A stellar-mass black hole has been observed in a neighbouring galaxy by a team of international scientists.
The newly found black hole is at least nine times the mass of the Sun, and orbits a hot, blue star weighing 25 times the Sun’s mass.
The dormant black hole sits outside the Milky Way.
The star that gave rise to the black hole vanished without any sign of an associated supernova explosion, the study suggests.
Stellar-mass black holes are formed when massive stars reach the end of their lives and collapse under their own gravity.
In a system of two stars revolving around each other, this process leaves behind a black hole in orbit with a luminous companion star.
This black is considered dormant if it does not emit high levels of X-ray radiation, which is how such black holes are typically detected.
Dormant black holes are hard to spot as they do not interact much with their surroundings.
The researchers had been looking for black-hole-binary systems for more than two years and they are particularly excited about the discovery, known as VFTS243.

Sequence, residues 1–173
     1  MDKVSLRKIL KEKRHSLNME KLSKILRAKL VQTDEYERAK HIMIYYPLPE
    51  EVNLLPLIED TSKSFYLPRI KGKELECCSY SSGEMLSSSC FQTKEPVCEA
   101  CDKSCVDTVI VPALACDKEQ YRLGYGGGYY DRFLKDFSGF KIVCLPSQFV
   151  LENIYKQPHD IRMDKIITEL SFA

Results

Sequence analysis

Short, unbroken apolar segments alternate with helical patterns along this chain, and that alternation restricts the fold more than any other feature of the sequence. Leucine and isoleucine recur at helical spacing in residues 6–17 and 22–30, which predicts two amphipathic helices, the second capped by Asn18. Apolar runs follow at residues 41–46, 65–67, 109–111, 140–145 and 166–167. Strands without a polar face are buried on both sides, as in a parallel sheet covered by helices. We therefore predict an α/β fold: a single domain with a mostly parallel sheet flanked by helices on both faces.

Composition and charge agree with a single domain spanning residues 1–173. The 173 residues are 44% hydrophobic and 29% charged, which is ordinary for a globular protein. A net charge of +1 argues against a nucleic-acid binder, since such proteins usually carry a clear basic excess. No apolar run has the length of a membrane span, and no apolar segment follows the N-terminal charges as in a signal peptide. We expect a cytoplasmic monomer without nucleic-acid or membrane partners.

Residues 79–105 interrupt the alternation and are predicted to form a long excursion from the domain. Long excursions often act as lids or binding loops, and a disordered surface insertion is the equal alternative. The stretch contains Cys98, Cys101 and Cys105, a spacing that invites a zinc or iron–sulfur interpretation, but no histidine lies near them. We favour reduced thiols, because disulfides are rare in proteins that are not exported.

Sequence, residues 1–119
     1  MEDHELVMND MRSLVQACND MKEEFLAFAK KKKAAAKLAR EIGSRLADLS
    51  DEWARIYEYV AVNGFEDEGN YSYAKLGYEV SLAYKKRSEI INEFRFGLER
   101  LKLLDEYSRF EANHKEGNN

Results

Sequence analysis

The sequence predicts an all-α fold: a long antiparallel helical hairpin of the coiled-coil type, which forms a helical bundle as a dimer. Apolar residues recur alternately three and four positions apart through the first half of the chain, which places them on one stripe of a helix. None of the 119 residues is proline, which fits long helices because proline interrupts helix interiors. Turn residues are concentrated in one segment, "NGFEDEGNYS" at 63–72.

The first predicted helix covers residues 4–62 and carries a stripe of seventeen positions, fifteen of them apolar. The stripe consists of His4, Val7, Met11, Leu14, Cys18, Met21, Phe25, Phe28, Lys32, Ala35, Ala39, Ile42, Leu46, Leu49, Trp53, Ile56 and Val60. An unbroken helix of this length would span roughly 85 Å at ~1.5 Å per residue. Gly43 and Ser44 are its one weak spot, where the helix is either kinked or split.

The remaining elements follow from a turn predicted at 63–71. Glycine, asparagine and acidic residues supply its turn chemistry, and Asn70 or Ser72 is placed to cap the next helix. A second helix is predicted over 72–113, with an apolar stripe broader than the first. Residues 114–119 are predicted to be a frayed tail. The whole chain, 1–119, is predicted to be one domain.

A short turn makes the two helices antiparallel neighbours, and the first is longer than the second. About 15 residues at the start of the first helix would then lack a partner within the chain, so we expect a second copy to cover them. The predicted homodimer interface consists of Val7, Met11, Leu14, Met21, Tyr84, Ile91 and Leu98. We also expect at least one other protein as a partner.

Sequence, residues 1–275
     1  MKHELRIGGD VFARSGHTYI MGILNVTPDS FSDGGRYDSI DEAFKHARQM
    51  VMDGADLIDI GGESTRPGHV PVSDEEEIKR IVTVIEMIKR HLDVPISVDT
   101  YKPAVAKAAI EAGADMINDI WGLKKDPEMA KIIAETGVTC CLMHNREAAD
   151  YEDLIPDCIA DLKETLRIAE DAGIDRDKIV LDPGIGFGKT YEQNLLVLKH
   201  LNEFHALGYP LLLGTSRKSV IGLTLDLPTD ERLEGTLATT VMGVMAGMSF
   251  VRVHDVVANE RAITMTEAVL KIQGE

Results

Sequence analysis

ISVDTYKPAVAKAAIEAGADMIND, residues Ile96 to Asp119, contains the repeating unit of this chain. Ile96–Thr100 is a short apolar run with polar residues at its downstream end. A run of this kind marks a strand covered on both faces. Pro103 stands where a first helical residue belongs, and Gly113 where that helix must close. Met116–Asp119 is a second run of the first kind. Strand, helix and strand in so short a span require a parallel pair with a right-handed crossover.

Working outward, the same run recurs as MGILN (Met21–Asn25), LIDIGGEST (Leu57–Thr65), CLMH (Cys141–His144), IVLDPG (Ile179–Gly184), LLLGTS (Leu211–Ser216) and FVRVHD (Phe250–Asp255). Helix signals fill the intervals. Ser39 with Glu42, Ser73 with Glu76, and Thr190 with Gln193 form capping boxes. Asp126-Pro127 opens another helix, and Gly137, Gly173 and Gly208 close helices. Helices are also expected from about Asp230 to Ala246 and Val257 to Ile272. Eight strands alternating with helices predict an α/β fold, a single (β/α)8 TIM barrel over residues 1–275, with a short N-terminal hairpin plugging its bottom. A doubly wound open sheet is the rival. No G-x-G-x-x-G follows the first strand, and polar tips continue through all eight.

Paul Crowther, professor of astrophysics at the University of Sheffield, said: “It’s a very exciting discovery.
“Although a number of dormant black hole candidates have been proposed, this is the first to be unambiguously detected outside our galaxy.”
As part of the international research team, Professor Crowther has been working with Tomer Shenar from the Institute of Physics and Astronomy, who started the study at KU Leuven in Belgium and is now a Marie-Curie Fellow at Amsterdam University in the Netherlands.
Dr Shenar said: “We identified a needle in a haystack.
“The star that formed the black hole in VFTS 243 appears to have collapsed entirely, with no sign of a previous explosion.
“Evidence for this direct-collapse scenario has been emerging recently, but our study arguably provides one of the most direct indications.
“This has enormous implications for the origin of black-hole mergers in the cosmos.”
The black hole in VFTS 243 was found using six years of observations of the Tarantula Nebula by the Fibre Large Array Multi Element Spectrograph (Flames) instrument on the European Southern Observatory’s (ESO’s) Very Large Telescope (VLT).
The study is published in Nature Astronomy.